card was produced, the collection it resides in, its call number, and
the repository to which it belongs.
In addition to the cards, this easily navigable site contributes some
information on the history of the Edwards collection, cataloguing and
digitizing information (including a useful bibliography on cataloguing),
and a general (very short) baseball card bibliography. Information is
also provided on ordering reproductions.
Suggestions for Use: Interested users may include card collectors,
baseball historians, and those generally interested in baseball, art,
Addendum: The TIFF Files took quite some time to download at 44000 BPS.
Reviewed by John R. Woznicki
English Department, Fairmont State College (WV)
Name: The Library of Virginia Digital Collections
URL: http://image.vtls.com (part of the homepage for the Library of
Virginia found at http://leo.vsla.edu/lva/lva.html)
Resource Type: Archive
Brief Decription: The Library of Virginia Digital Collections site
includes materials and links to electronic sites that would be of
interest to scholars, genealogical researchers, and students alike.
Review: Although not nearly as effective as visiting the Library of
Virginia in person, the Library of Virginia Digital Collections website
offers a wealth of resources of interest to anyone intrigued by Virginia
history. Well organized and visually effective, this site contains a
brief overview of the available resources at the top of the page, as
well as a link at the bottom to the Library of Virginia homepage. Not
only can one find links to the Electronic Card Indexes, but the site
provides instructions on how to order copies of materials, as well as
contact information for the library staff.
The researcher can connect to a variety of information, including the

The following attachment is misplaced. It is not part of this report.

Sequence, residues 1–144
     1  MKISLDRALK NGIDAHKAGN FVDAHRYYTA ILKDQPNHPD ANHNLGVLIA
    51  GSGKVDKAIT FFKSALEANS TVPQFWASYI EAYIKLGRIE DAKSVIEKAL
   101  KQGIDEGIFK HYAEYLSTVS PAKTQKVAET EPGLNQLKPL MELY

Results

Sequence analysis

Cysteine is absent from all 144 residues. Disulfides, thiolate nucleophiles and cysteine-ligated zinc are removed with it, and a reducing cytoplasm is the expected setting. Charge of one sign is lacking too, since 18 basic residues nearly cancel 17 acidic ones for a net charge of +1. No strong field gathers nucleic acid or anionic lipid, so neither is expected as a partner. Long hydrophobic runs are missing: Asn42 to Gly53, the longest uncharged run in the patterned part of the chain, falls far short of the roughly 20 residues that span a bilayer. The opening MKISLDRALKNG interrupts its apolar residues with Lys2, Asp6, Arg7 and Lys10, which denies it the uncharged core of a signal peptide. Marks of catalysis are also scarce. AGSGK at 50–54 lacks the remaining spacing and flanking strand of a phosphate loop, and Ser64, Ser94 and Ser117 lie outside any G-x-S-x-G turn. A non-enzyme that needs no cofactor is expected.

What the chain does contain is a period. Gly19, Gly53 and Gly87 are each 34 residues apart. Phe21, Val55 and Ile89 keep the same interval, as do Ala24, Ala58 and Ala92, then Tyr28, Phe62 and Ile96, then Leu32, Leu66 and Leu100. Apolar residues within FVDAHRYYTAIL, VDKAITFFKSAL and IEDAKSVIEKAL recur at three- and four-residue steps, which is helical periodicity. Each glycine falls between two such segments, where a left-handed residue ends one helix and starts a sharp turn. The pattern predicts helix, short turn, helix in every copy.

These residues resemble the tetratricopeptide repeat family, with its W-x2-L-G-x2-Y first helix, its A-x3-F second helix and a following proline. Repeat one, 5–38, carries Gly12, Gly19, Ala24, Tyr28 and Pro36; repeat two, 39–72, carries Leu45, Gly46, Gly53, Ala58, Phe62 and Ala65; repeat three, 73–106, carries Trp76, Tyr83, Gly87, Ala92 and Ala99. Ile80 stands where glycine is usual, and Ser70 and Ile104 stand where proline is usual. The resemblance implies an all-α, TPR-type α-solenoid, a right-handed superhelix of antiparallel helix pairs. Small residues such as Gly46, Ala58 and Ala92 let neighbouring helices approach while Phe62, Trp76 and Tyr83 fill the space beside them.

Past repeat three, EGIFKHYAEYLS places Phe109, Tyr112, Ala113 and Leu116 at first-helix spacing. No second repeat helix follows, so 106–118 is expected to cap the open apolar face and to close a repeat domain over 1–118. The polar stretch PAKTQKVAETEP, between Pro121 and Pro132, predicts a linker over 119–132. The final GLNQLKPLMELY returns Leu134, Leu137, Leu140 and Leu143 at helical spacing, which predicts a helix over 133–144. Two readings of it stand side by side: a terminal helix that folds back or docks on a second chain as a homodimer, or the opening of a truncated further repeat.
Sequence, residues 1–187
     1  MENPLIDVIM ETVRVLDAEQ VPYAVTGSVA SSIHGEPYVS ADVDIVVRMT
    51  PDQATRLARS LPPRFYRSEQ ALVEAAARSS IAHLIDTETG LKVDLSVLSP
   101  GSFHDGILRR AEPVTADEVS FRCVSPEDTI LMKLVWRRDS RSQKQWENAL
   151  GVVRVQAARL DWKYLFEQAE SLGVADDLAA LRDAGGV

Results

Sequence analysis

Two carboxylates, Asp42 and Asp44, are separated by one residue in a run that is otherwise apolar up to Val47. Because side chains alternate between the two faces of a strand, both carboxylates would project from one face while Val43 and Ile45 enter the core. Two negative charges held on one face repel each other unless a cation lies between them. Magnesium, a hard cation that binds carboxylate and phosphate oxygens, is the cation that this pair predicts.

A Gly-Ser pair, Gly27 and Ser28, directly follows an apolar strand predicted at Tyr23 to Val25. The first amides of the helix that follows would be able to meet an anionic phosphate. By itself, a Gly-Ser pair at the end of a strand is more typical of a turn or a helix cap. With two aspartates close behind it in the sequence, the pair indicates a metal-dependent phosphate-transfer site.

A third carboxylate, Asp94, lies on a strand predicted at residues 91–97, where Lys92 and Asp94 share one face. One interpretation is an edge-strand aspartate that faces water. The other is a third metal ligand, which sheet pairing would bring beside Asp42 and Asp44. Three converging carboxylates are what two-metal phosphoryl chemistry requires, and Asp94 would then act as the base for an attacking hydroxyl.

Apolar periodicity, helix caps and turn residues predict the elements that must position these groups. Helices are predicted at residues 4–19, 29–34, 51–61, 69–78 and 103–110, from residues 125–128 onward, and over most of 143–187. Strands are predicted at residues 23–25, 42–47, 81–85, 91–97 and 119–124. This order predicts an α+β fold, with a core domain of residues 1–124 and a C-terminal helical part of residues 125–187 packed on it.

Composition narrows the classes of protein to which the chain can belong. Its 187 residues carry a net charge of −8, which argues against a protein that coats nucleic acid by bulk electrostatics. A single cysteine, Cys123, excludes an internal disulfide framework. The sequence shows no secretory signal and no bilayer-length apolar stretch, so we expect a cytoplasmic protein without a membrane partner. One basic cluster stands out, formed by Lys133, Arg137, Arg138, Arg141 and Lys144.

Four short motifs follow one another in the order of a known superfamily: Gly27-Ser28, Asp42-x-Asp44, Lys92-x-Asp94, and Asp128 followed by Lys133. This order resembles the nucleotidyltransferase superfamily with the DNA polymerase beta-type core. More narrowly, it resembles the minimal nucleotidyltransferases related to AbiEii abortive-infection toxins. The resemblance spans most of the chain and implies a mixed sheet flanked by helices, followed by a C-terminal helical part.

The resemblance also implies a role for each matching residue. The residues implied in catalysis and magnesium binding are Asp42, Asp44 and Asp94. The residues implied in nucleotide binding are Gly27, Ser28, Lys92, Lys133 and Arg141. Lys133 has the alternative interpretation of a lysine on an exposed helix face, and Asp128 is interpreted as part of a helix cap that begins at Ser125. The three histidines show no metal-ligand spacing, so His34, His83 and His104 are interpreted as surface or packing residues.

Library catalogs, Virginia History and Culture catalog, personal papers,
court records, land records, photograph collections, newspaper
collections, and online archival and manuscript collections. It is
possible to use either the links at the top of the front page, or scroll
down the page to click on the specific category of interest. For
example, under the "Personal Papers" category, the Library of Virginia
collection includes papers of prominent families, such as the
Anderson-Latham or the Bryan Family papers. The links to each
collection in this category include a description of the collection,
broken down into five groups, ranging from "correspondence" (Group I) to
"miscellaneous" (Group V).
Other areas of interest include links to the "Newspapers in Virginia"
database, which can be searched using either combination or word/ phrase
search mechanisms, or the Archives and Manuscripts Catalog, which can
also be searched online to find detailed listings of the Library's
holdings. These easily navigable links make the Library of Virginia
Digital collections website perfect for researchers and anyone
interested in Virginia history.
Suggestion for Use: This site is an outstanding reference for anyone
interested in Virginia history, including both scholars and independent
Reviewed by Jennifer Harrison
Graduate Student in History